Burushaski script accepted, primer launched

Burushaski script

News Desk

Islamabad: The script of Burushaski, one of the endangered languages of Gilgit-Baltistan, has gotten recognition and its own script. A primer of the Perso-Arabic script with Roman characters was formally launched at the National Curriculum Council secretariat in the federal capital on Tuesday (January 31).

Dr Mueezuddin Hakal an Assistant Professor at the Taxila Institute of Asian Civilization, Quaid-i-Azam University, presented the contributions of a number of linguists in the development of the standard script for every dialect of Burushaski.

Editorial Board members of Burusho Maraka and Primer with copies of the primer at the National Curriculum Council Secretariate, Islamabad on Tuesday, January 31, 2023. Photo by Dr Moeez/HAH

He acknowledged the contribution of Burusho Maraka and members of the Editorial Board of the primer.

Burushaski language is spoken by over 200,000 people in the Hunza, Nagar, and Yasin districts of Gilgit-Baltistan besides the Dandosa, Batmalo, Batraj Colony, Annatnag, and Srinagar valleys of the Indian-administered Kashmir. It was recorded for the first time in 1854 by Alexander Cunningham with the name “Khajona”. But other linguists have declared it one of the oldest languages belonging to the Yeniscien family of languages spoken in eastern Siberia.  

Prof Dr Maryam Chughtai, Director of the National Curriculum Council of Pakistan, the chief guest said: “we should celebrate our languages; we need to preserve and promote dying languages and cultures such as Burushaski for our generations to come.”

She also reminded the government of its responsibility to preserve all languages.

She informed the audience that a similar work on the Kalasha culture by this Institute is in progress.  

Khadija Khan highlighted the importance of having a standard “family language” for the people of every culture, which should be in practice besides regional, national, and international languages.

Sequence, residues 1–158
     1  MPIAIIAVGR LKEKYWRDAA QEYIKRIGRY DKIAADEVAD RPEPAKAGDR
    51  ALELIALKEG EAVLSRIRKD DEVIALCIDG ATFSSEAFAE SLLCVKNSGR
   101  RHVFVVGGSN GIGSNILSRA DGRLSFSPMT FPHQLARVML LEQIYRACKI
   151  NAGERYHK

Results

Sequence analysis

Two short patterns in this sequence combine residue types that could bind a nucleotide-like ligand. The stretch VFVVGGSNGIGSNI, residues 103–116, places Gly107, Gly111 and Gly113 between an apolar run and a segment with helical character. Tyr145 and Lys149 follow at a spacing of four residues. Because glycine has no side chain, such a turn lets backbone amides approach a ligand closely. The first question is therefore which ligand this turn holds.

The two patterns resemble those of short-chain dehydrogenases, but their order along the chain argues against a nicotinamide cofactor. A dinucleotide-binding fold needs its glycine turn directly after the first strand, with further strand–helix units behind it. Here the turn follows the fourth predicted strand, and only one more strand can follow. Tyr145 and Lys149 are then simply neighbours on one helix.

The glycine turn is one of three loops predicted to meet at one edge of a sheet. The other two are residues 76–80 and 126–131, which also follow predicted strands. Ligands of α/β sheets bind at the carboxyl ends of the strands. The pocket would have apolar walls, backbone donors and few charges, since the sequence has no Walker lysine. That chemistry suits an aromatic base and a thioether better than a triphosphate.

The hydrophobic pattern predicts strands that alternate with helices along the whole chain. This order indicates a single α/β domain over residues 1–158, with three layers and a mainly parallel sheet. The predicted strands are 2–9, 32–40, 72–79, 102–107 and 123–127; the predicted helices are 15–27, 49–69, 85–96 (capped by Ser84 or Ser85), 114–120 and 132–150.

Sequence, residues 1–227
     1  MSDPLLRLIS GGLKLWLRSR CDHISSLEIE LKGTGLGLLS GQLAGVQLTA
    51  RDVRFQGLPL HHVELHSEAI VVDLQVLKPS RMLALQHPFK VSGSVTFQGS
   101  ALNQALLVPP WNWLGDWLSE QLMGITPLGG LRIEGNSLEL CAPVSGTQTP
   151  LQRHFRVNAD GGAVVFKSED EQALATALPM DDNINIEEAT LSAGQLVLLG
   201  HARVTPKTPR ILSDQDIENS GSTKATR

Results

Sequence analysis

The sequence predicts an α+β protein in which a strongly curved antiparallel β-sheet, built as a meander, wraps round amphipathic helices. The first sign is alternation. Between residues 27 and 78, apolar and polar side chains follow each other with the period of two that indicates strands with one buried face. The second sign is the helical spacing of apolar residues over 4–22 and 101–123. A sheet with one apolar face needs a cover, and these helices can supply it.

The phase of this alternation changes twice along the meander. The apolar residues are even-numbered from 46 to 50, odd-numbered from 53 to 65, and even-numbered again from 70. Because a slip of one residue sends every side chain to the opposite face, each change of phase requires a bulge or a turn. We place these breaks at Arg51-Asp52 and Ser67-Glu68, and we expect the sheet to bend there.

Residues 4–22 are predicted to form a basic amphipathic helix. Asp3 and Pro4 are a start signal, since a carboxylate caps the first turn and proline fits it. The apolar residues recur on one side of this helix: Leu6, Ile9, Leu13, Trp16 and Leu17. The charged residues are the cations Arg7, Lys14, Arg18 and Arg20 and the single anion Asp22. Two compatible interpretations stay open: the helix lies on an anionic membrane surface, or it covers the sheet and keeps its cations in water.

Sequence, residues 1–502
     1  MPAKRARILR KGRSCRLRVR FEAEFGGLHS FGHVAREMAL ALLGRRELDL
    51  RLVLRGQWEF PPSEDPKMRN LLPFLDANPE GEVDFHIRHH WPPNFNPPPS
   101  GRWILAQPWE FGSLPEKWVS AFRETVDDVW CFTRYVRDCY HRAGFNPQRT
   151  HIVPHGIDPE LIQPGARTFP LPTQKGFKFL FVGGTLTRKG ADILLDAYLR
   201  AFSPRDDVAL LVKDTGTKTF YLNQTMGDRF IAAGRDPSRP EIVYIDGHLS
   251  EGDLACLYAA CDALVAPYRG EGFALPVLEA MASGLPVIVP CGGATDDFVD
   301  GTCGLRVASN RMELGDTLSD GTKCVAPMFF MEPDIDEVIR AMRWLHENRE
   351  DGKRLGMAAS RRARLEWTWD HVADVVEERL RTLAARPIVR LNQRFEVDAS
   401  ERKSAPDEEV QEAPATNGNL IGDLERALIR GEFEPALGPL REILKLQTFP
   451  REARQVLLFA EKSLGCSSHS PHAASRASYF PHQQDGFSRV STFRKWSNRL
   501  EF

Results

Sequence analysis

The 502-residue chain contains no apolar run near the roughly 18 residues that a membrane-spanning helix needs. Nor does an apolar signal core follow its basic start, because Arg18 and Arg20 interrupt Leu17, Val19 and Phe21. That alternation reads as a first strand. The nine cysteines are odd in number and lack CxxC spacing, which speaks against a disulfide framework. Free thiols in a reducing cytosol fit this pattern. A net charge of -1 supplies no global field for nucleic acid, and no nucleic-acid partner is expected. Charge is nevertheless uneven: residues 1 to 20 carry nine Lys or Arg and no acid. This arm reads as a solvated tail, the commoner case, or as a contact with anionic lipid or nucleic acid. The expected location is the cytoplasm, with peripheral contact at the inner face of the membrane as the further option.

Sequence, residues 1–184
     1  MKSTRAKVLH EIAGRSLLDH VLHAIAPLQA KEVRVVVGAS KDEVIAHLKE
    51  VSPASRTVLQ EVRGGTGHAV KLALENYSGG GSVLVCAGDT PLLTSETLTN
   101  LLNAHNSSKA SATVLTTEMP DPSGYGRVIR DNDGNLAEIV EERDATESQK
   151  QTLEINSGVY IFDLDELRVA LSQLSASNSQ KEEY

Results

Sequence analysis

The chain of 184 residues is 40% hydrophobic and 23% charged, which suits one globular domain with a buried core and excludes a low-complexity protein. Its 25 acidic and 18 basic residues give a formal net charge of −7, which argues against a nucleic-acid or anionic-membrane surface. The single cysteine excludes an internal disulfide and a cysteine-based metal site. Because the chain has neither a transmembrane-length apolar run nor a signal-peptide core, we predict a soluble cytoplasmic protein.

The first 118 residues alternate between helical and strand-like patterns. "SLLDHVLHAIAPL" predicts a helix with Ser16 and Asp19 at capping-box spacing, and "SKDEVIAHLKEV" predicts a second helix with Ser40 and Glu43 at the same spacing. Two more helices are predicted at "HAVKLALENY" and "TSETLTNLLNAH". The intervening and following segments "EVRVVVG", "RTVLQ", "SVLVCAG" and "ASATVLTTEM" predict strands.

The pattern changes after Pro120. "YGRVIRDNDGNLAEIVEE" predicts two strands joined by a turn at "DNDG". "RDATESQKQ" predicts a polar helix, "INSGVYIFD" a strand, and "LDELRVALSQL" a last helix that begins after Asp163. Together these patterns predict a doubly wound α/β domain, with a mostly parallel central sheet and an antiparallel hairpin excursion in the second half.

She insisted on developing multilingual training for children. Ms Khadija said a child even in the early months of conception starts learning a language from her or his environment, therefore, we should create a multilingual environment for generations to come. For this, she highlighted the role of every member particularly the grandparents. Poets, writers, and artists can play a key role in the preservation of language and culture.

Participants at the launch of a Burushaski language script primer at the National Curriculum Secretariat, Islamabad on Tuesday, Jan 31, 2023. Photo by Dr Moeez Hakal/HAH

Muhammad Wazir Shafi, President Burusho Maraka appreciated those who contributed in developing the standard Burushaski script.

“Absence of script of local languages has been a great hurdle in imparting education in our own languages at primary level,” he said.

He urged the education authorities to consider the proposal of Burusho Maraka to introduce a curriculum in local languages.

Mujeebuddin, a founding member of Burusho Maraka, highlighted the importance of publishing the folk literature that awaits patronage from institutions like the National Curriculum Council of Pakistan.

Suhail bin Aziz highlighted the importance of a language like Burushaski. He emphasized the preservation of cultural diversity in Pakistan.

He further said that the Burusho-speaking people will be proud of their language and express their feelings through this script.

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